Saturday, September 23, 2023

Keeping an Eye on the Great Redwood Trail, A Proposed Subdivision on Tomki, The School Has a Potential Buyer—Highlights from the Redwood Valley MAC Meeting

Redwood Valley MAC member Patricia Ris-Yarbrough photographed the railroad tracks on a recent walk which is the proposed site of the Great Redwood Trail

The Redwood Valley Municipal Advisory Council met on March 8, 2023, at 5:00 pm with a quorum of Members present, along with Felicia Smith, Sonoma Clean Power; Sheriff Matt Kendall; County Supervisors Mo Mulheren and John Haschak; Cathy Monroe, Mendocino County Climate Advisory Committee; Michael Katz, Executive Director of the Mendocino Cannabis Alliance; Gizmo Henderson, citizen volunteer. Sheriff Kendall reported on the emergency weather situation; Supervisors Mulheren and Haschak discussed Cannabis Policy and the Great Redwood Trail. Other topics covered were water and climate issues, Meals on Wheels, possible development of the school property, a subdivision application on Tomki Road, Emergency Sirens, and the commercial kitchen project at the Grange.

Public Comment

Felicia Smith, Technical Programs Manager, Sonoma Clean Power had been scheduled to give a presentation on SCP’s work on climate change in the energy business. Sonoma Clean Power provides power to Mendocino County PG&E customers. Because the large screen was not available for the slide show, her presentation will be rescheduled. The topics will be the sources of clean power, billing programs, rebates and incentives, workforce development, federal incentive programs to upgrade homes, expansion of geothermal in Geyserville, and how the Public Utility Commission ruling will affect new solar installation. Smith wants to better understand Mendocino County customer needs. Smith, who is interested and experienced in local government and water policies, stayed for the entire meeting.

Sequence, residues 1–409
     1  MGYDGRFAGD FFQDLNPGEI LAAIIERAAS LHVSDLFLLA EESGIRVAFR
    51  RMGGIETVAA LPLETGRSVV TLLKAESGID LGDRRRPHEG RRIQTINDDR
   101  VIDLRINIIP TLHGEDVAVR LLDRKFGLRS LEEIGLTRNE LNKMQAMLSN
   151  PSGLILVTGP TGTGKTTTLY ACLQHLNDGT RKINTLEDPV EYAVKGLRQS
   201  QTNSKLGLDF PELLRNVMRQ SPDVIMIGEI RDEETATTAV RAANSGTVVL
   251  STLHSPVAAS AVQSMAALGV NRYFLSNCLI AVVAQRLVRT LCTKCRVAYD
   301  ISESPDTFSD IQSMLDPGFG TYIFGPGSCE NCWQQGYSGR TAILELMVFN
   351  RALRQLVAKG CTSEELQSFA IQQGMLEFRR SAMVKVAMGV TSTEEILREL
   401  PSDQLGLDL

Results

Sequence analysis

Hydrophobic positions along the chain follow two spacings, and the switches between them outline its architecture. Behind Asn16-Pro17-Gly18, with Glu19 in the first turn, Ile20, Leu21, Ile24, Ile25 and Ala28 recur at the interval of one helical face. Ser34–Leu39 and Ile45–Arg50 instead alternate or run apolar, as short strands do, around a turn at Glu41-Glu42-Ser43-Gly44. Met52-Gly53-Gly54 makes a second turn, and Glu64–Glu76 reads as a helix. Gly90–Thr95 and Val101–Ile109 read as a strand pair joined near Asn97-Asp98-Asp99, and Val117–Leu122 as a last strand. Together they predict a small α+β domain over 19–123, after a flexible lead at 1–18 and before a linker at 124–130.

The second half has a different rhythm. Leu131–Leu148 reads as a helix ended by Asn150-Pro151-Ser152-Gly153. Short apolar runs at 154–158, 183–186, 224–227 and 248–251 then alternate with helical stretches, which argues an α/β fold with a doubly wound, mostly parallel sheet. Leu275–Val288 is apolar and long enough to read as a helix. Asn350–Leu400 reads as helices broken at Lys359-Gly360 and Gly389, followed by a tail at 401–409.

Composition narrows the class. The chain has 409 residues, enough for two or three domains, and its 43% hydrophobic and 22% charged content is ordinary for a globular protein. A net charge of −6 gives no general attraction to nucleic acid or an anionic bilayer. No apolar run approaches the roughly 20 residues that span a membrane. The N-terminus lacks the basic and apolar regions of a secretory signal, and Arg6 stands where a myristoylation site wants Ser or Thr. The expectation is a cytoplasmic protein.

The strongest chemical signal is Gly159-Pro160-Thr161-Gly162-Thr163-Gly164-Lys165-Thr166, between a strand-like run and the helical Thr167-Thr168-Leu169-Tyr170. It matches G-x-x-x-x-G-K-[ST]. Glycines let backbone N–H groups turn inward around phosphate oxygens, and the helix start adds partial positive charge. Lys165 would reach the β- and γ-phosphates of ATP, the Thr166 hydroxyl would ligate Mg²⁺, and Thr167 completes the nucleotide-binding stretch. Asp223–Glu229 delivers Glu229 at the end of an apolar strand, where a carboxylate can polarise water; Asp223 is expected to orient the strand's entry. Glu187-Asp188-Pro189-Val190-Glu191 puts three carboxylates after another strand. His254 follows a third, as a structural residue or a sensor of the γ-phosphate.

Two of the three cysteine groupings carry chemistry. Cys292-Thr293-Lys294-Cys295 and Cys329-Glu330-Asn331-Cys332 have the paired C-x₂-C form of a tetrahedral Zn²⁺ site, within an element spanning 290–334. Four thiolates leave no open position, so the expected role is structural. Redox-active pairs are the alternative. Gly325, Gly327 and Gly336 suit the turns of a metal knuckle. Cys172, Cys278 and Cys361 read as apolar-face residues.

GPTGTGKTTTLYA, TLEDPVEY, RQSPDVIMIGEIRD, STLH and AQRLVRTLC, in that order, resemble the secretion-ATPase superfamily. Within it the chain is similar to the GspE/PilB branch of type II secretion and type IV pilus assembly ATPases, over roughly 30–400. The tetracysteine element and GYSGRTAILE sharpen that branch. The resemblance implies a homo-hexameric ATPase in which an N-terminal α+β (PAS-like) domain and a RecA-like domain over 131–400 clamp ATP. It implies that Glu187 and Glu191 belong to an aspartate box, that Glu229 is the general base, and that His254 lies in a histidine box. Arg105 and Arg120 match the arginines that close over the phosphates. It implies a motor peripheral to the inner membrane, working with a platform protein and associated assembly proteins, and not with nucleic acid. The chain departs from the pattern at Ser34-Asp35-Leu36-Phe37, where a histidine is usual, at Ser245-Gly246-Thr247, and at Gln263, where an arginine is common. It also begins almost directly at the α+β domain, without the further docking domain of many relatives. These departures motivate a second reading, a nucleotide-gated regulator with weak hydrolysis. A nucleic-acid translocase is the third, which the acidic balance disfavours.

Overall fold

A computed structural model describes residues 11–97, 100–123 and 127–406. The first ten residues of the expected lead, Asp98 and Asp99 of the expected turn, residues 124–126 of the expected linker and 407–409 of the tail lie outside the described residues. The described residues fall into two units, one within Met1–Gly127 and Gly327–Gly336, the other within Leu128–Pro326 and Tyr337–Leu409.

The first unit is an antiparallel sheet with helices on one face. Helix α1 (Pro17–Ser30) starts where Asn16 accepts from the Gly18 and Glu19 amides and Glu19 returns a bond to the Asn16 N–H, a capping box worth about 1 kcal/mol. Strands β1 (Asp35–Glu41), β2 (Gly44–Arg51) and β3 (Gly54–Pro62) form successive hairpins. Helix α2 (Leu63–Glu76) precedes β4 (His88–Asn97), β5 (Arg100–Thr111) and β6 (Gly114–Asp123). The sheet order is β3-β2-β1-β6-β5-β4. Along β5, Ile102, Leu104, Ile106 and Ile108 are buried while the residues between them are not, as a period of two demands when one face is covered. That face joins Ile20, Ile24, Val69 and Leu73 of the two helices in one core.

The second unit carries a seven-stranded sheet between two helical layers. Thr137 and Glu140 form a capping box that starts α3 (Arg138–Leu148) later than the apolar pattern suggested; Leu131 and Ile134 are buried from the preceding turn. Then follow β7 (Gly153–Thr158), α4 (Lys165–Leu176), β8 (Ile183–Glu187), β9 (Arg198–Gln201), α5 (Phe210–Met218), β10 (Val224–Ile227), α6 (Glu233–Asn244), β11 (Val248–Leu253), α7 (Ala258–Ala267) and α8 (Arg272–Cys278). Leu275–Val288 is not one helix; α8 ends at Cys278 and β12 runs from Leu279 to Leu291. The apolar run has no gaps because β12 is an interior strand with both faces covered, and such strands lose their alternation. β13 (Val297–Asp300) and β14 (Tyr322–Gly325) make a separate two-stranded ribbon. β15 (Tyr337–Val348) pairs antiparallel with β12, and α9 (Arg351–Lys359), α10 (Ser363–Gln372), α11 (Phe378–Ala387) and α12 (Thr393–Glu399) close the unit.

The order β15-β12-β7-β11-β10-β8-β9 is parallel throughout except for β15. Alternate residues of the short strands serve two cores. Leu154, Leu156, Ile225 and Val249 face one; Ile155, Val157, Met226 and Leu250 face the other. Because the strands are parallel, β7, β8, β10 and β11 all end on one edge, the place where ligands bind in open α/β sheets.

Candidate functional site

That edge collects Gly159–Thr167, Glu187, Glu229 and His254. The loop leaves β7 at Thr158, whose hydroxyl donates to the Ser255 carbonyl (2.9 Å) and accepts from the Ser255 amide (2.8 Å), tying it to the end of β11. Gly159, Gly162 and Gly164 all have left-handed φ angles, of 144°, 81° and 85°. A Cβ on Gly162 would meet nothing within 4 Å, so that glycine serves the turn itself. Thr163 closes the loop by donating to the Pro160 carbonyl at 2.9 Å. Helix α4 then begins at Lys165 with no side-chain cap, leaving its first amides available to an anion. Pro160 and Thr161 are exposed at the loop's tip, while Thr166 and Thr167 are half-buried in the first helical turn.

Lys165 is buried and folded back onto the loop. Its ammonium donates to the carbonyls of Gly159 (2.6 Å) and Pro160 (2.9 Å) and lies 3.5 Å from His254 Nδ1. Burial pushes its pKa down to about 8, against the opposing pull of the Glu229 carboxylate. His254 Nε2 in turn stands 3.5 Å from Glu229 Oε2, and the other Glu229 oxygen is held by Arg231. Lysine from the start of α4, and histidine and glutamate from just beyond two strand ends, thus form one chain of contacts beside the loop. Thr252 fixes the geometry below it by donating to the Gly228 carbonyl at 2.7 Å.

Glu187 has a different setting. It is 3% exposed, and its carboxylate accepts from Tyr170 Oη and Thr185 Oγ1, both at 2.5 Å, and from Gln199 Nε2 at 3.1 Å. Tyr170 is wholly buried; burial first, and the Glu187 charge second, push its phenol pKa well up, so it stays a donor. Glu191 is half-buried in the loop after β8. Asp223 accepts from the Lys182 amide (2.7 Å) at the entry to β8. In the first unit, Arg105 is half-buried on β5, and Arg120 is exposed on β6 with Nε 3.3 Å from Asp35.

Cathy Monroe, Mendocino County Climate Advisory Committee, announced that the committee is ideally comprised of three residents from each supervisor’s district. She invited citizens to participate. Alternate Member Marybeth Kelly and Gizmo Henderson have applied. If you are interested in joining this board, or any county board, here is a link to the application. Citizens who have expertise and interest in a particular area are needed on various committees. Monroe said the meetings are held quarterly, and members from each of the MACs are encouraged to apply. The City of Ukiah has incorporated their climate committee comments into the general plan and Monroe would like to see the Board of Supervisors do the same at the county level.

Member Patricia Ris-Yarbrough sent an email to Howard Dashiell, Mendocino County Department of Transportation, following up on his presentation last month about safety enhancements to the intersection of Highway 20 and Road 144 and Calpella Russian River Bridge Replacement. Ris-Yarbrough requested that the engineers reconsider their decision not to put streetlights at this location. (The email, which she read at the meeting, quoted language directly from MendocinoFever.com’s article on the February 8 MAC meeting.)

Vice Chair Jini Reynolds commented that the pavement is supposed to incorporate reflective pieces that illuminate when approached by headlights.

Update from Glenn McGourty, County Supervisor Board Chair

McGourty was not able to attend this meeting but provided his notes, which are posted on the RV MAC website. Member Adam Gaska read the notes at the meeting. Highlights:

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  1. Mendocino Water Resource Team Technical Advisory Committee has been formed, grant funds will be sought from the SAFER Program.
  2. Progress is being made on the consolidation of the districts of the Upper Russian River Water Agency and the City of Ukiah, seeking grant funding from SAFER. McGourty is advocating for the project as it moves through the LAFCO process.
  3. Studies are being conducted to evaluate groundwater storage in Potter Valley.
  4.  We will be in a good water position for the coming year with Lake Mendocino at capacity and much of our groundwater recharged. Many trees have been damaged by the drought The BOS has passed an Emergency Resolution on Tree Mortality to apply for grant funding.
  5. The City of Ft. Bragg successfully obtained grant funding to increase reservoir capacity by almost 75%. Fort Bragg plans to build three reservoirs to store a potential total of 44 million gallons of water
  6. The Ukiah Valley Basin Sustainable Groundwater Agency has applied for grant funding to continue to update the Groundwater Management Plan as required by law. 
  7. Bree Klotter has been appointed by the BOS to fill the open seat on the Redwood Valley County Water District.
  8. McGourty and Supervisor Haschak helped procure grant funding of $1.5M for a passive ocean desalination pilot project with ONEKA in Ft. Bragg.
  9. Mendocino County is represented by WEST Company on the California Economic Resilience Fund Redwood Region and the Sonoma Mendocino Economic Development District
  10. The early warning sirens project with the RV-Calpella Fire Department is in process.